Archiving Justice: Conceptualizing the Archives of the United Nations International Criminal Tribunal for the Former Yugoslavia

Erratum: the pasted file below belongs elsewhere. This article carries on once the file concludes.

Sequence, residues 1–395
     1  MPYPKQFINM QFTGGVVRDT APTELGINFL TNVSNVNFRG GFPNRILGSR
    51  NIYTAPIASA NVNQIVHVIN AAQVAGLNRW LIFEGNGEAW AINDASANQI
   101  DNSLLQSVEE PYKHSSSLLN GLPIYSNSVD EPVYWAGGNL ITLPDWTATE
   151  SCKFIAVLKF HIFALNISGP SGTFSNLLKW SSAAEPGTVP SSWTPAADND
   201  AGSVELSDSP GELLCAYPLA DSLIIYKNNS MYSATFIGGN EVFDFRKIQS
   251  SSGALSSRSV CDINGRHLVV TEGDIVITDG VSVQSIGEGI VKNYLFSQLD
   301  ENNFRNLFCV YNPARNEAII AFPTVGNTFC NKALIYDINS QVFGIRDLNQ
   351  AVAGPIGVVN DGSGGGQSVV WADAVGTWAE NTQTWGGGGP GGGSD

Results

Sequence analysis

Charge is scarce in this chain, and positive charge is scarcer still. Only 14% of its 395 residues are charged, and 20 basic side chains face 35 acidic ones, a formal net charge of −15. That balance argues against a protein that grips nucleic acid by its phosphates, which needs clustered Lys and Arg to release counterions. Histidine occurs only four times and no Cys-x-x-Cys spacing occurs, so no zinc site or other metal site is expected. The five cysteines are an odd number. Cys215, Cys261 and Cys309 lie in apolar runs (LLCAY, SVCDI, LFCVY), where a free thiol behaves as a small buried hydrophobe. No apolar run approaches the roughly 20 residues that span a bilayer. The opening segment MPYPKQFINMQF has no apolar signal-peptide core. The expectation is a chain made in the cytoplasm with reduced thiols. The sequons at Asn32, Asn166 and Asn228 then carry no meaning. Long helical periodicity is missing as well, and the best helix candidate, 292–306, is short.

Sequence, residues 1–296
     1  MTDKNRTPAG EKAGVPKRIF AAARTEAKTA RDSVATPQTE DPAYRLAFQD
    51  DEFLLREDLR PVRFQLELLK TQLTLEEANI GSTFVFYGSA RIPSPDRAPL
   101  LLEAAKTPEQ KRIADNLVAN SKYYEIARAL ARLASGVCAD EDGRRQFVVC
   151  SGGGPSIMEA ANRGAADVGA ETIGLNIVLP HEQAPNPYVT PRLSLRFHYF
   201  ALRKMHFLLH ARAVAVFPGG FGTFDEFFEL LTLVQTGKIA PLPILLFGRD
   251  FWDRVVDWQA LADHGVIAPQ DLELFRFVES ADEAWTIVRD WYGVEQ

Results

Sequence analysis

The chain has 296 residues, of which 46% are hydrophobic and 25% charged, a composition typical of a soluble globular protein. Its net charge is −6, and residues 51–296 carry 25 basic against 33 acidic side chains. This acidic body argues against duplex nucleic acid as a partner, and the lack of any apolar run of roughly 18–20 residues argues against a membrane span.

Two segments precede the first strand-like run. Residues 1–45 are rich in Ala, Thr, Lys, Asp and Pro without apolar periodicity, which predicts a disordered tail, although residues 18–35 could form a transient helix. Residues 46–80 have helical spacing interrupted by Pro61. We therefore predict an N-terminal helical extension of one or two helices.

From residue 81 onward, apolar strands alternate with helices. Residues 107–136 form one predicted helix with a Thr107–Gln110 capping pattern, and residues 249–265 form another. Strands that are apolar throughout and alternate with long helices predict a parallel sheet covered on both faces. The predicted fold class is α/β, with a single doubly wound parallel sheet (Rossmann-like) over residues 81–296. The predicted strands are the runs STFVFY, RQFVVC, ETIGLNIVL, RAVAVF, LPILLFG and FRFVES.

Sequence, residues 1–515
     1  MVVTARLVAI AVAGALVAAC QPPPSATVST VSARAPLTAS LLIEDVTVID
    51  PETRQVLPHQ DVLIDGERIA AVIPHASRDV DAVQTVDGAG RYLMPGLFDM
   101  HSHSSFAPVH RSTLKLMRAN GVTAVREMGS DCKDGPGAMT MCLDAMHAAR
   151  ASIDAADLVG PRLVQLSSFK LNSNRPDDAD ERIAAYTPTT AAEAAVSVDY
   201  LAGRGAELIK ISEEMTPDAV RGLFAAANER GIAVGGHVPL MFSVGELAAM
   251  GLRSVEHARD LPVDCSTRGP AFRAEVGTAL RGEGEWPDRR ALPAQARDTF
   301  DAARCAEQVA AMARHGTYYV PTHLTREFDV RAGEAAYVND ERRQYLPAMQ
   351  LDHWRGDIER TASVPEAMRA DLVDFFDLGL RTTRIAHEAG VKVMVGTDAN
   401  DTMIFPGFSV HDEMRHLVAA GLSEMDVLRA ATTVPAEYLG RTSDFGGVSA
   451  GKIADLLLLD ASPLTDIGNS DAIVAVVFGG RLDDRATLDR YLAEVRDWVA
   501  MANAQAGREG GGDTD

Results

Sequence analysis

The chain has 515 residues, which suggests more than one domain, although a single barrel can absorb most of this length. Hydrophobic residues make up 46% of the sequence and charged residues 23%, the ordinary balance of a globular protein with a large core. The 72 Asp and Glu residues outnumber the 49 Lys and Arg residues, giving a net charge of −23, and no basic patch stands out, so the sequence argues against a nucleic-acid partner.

The International Criminal Tribunal for the former Yugoslavia (ICTY) will complete its proceedings over the coming years, leaving behind an enormous collection of records. The ICTY archive provides a record of conviction and acquittal, prosecution case and defense response – a vast series of contested facts and arguments. The ICTY winds down with a decidedly mixed reputation, especially among the communities of the Balkans, doing damage to the already-discredited idea of a Tribunal capable of aiding the processes of reconciliation. And yet the UN still speaks of the reconciliatory purposes the ICTY archives may serve. Pursuing reconciliation, however, sets up the archive for failure. It would be better for those establishing the archives to focus on other, attainable goals, taking into account Martha Minow’s (1998) caution against judicial records that merely “speak for themselves”. This essay provides historical context for the development of the ICTY archive, outlining its two decades of work, and emphasizes the political context from and into which the archive will emerge.

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